Probably the most prominent input from the outsiders is the production steer of Nigel Stonier giving two of the tracks a distinctly commercial edge. This is likely to be in outreach rather than lucrative terms at the moment, but both ‘Jericho’ and ‘Rio’ have already been sectioned off for prime promotion in advance of the album getting a more thorough campaign in the guise of Kelly’s extensive spring tour. At this point it is worth commending her as one of the folk scenes busiest artists, with countless gigs, radio slots and a savvy approach to utilising the unlimited potential of social media promotion. In fact unlimited potential can also be attached to the future of Kelly as a singer-songwriter matched with her instinct for innovation and inspiration.

Stu Hanna of husband and wife folk duo Megson takes the reins for the production of four songs including the punchy opening title track ‘Bedlam’. He was also at the helm for one of Kelly’s solo writes in ‘Miles to Tralee’, another track that has previously surfaced on a Folkstock compilation album and another to have the promotional benefit of a video. Joining the fray on another Stu Hanna produced song is his wife Debbie who adds backing vocals to ‘Same World’. Extending the family and backing vocal theme,  it is also worth noting that Thea Gilmore, the spouse of Nigel Stonier, makes a contribution on the aforementioned ‘Rio’.

One of the other named players on the album is fiddle player Ciaran Algar who joins the other talented musicians on ‘Jericho’, for what personally emerges as the rousing stand-out track. This is one of the numbers to benefit from a short interlude of Kelly’s harmonica playing. This also occurs on ‘In the City’ which heads a quartet of songs produced by the album’s third production architect Lauren Deakin Davies. Lauren was previously in solo control of Kelly’s debut album THIS LAND and perfectly strikes the balance on BEDLAM by creating a finely tuned infrastructure to fully exploit the strength of Kelly’s vocal ability. These tracks are enhanced by the subtle double bass playing of Lukas Drinkwater.

Ultimately BEDLAM comes across as a precision measured piece of work, delicately balancing all the input variables to create a record gift wrapped for the listener. The challenge to buy into the talents of Kelly Oliver will not be too difficult for fans of folk and roots music far and wide. The opportunity also exists for her youthful enthusiasm and approach to widen the pool of inclusion. 

Order the album

Friday, 1 January 2016

The Essential Gretchen Peters : Proper Records

2016 is year of career anniversaries for Gretchen Peters. 1996 saw her first make the step from songwriter to recording artist and also when the UK appeared on the horizon as a potential outlet for her brand of stylish and smooth lyric-driven songs. To mark this milestone, Gretchen is set to undertake yet another extensive tour of our towns and cities, this time fully armed with her most comprehensive collection of reflective material to date. THE ESSENTIAL GRETCHEN PETERS is a brash title, but throughout this twenty-seven track two-CD production the quality is soaked right through to the core as a serving of the familiar and not so familiar aches to be indulged by the critical ear.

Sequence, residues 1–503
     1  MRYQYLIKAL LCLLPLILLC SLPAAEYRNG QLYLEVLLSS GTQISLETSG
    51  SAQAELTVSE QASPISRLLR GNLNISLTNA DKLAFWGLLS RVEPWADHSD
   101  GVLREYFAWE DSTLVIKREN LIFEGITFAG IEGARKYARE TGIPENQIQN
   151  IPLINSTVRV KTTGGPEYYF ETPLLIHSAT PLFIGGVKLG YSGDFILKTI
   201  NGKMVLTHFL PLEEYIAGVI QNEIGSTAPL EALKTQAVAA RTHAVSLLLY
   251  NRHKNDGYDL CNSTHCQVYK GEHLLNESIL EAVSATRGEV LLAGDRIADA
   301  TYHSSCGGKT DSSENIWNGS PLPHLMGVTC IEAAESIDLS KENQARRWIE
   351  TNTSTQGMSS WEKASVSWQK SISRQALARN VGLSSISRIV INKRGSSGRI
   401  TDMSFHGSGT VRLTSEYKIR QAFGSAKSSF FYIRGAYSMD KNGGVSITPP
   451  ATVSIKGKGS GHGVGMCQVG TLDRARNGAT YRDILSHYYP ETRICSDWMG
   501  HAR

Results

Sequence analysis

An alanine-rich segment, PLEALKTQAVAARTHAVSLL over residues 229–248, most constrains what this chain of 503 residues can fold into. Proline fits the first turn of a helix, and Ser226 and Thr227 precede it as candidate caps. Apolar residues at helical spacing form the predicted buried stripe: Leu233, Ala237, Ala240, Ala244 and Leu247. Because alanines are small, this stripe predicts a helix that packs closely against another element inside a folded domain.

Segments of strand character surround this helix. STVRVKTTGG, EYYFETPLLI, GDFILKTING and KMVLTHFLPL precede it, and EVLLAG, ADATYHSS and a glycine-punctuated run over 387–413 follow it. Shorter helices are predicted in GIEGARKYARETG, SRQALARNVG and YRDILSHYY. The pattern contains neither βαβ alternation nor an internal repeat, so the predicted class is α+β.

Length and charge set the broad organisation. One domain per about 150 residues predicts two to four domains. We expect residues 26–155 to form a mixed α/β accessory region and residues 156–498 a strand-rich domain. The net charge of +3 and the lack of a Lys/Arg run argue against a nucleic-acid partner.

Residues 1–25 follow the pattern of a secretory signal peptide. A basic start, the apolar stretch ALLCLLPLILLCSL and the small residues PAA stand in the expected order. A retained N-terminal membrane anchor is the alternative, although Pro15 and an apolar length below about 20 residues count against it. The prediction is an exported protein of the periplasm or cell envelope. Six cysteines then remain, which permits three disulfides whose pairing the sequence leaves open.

Back in 2009, a ‘Best of’ album did hit the market, but that statement was rendered obsolete when Gretchen’s recording career soared with the subsequent records HELLO CRUEL WORLD and BLACKBIRDS. As you would expect, several key tracks from these releases appear on ESSENTIAL alongside those chart heyday cuts dating all the way back to 1991 with ‘Chill of an Early Fall’. What also adds to the appeal of this collection is Gretchen’s desire to mix the selection up with demos, bonus tracks, work tapes, live versions and straightforward recorded material, as well as a beautifully constructed acoustic version of the classic ‘Independence Day’.

The personal conundrum for retrospective collections is to evaluate their motive and highlight the target audience. On a positive front there does not appear to be an industry trait of tagging a focussed new single to force the hand of fans. While Gretchen devotees will without doubt snap this album up and savour the formatted offering, on the other hand full respect must be honoured to those who already own a vast majority of the tracks in a variety of formats and may choose the cherry picking option available in this digital age. However, this collection is heaven sent for Gretchen newbies, although it should only act as a taster before diving head first into the complete albums. Collections should never detract from this notion and be only curated to find their niche.